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Mithu Sen: Border Unseen

Mithu Sen: Border Unseen is organized by the Eli and Edythe Broad Art Museum at MSU and curated by Karin Zitzewitz, MSU assistant professor of art history and visual culture. Support for this exhibition is provided by the Michigan State University India Council; the Dr. Delia Koo Global Faculty Endowment administered by the Asian Studies Center; and the MSU Broad’s general exhibitions fund.

April 25, 2014–August 31, 2014

About the Exhibition

Mithu Sen: Border Unseen is the first solo U.S. museum exhibition featuring the work of Mithu Sen (b. 1971), a New Delhi-based artist who stands as a crucial feminist voice in contemporary Indian art. Sen rose to prominence in the last decade for creating sensual and grotesque representations of the human body, animals, and inanimate objects that seethe with undercurrents of irony and wit. Her drawings, sculptures, and installations push the limits of acceptable artistic language and subject matter, often upending conventional approaches to gender and sexuality by exploring the connotations of bodily materials such as hair, teeth and bones. In 2010 Sen was awarded the Škoda Prize for Contemporary Indian Art for her series of large-scale drawings Black Candy (iforgotmypenisathome), which explore homoerotic narratives of masculinity.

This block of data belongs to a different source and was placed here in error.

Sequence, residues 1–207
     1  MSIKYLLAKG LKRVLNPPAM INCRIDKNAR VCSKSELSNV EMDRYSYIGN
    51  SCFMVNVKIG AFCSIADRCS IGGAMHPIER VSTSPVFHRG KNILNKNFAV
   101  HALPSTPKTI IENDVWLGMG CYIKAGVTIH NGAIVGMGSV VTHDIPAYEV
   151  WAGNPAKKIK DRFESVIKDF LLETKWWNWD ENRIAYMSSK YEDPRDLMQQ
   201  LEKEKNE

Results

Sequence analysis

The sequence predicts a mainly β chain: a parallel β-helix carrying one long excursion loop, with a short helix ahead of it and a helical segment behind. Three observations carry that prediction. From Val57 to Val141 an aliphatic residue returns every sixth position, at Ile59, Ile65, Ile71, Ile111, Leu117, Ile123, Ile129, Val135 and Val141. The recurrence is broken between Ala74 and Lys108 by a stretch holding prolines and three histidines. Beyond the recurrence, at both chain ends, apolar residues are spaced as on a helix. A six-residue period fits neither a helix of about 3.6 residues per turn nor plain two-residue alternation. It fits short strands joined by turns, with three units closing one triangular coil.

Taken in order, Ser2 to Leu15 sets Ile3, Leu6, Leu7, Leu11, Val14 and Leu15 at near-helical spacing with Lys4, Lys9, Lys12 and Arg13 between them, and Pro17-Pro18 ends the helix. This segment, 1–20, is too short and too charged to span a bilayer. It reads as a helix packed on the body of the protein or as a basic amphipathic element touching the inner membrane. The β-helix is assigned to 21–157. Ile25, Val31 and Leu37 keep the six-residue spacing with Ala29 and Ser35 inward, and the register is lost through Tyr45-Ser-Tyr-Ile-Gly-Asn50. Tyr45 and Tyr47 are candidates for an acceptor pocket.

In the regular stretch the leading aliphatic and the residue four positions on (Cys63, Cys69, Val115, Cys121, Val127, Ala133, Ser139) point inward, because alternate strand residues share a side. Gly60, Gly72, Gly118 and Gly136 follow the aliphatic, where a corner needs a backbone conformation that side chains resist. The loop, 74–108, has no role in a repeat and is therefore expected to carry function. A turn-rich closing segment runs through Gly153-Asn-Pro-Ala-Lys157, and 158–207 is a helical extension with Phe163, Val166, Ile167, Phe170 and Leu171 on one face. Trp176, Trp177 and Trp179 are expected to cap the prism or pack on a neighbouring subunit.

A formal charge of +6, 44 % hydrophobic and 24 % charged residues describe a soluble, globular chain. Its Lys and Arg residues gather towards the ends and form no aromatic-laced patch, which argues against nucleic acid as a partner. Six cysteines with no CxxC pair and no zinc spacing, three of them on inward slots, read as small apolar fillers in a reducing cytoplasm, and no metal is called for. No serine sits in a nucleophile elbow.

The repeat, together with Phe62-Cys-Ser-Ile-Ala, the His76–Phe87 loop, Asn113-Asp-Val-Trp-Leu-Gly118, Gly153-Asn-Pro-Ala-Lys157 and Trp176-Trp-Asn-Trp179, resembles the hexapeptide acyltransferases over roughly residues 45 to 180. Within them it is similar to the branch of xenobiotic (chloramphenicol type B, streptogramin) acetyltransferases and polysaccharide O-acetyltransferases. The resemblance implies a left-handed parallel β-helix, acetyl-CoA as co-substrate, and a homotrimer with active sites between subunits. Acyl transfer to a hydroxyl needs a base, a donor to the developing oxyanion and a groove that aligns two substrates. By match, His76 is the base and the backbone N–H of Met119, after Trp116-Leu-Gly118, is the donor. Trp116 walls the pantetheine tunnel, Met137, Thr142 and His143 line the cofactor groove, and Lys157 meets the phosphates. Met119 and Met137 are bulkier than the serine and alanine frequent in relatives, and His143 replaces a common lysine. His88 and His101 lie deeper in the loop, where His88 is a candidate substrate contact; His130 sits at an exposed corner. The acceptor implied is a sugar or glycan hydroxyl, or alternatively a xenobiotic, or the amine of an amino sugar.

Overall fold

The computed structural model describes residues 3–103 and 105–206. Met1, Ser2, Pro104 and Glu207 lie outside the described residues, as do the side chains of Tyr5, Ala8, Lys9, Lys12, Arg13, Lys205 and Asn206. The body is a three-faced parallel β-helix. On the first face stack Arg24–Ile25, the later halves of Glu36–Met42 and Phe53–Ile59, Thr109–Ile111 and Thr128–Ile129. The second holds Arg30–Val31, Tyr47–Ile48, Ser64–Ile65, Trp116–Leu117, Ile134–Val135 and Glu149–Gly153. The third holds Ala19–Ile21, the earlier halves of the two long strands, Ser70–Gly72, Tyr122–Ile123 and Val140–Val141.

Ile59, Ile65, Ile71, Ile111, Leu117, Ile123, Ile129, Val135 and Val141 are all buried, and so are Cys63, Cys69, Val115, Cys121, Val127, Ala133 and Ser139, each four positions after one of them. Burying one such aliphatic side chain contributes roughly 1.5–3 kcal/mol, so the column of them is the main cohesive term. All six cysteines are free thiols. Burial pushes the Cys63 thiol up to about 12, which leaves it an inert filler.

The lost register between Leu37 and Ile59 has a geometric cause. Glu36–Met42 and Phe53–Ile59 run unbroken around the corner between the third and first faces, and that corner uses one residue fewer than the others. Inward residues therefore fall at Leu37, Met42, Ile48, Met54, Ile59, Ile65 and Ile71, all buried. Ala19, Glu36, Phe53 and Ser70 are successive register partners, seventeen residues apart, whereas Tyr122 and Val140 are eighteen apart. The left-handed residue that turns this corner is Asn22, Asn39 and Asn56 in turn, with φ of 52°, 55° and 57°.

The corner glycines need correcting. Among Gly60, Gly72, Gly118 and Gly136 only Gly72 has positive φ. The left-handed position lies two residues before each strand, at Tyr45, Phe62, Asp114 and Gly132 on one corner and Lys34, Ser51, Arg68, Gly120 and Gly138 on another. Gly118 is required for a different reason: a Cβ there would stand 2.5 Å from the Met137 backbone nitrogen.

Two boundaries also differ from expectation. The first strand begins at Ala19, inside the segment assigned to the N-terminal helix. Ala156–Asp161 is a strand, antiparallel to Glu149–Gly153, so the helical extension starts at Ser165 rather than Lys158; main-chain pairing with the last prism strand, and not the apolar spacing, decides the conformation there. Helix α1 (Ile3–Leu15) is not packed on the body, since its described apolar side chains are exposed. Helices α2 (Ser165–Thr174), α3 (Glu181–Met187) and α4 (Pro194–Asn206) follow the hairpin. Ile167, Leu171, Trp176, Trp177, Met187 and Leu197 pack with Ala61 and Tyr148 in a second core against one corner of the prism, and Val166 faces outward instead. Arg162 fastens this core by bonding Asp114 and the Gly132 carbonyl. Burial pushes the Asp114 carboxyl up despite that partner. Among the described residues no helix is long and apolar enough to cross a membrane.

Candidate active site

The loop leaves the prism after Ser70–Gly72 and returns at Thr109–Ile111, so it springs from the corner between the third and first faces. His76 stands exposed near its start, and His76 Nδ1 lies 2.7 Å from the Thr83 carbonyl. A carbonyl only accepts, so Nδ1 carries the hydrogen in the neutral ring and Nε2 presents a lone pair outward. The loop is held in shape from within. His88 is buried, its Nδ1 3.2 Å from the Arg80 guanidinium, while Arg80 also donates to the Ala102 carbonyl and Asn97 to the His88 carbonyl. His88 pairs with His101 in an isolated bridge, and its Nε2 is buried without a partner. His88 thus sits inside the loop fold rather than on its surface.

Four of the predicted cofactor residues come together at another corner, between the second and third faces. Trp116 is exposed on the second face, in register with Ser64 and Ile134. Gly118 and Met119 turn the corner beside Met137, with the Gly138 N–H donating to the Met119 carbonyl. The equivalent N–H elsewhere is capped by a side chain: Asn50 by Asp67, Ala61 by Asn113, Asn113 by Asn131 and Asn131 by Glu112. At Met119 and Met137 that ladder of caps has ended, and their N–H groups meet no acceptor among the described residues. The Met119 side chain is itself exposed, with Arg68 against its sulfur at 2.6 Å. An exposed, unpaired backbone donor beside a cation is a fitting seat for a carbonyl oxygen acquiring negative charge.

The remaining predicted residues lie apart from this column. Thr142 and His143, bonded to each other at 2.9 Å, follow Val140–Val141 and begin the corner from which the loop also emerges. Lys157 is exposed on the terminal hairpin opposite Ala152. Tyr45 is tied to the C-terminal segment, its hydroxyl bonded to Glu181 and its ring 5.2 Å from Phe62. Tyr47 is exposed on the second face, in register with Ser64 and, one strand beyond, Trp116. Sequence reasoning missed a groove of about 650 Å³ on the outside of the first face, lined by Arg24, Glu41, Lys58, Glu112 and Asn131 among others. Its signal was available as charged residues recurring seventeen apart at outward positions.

For her installation at the MSU Broad, Sen uses false teeth and dental polymer to create a monumental hanging sculpture that spans eighty feet, extending from the ceiling to the gallery floor. Drawing an organic and irregular line through the complex geometries of the museum’s Zaha Hadid–designed building, the work simultaneously evokes the human spine and an industrial beam. While referencing art historical dialogues surrounding materiality and Minimalism, the sculpture is primed to elicit strong reactions from viewers. With its epic scale and striking fleshy-pink hue, it is—like much of Sen’s work—at once deliberately provocative and disarmingly pretty.

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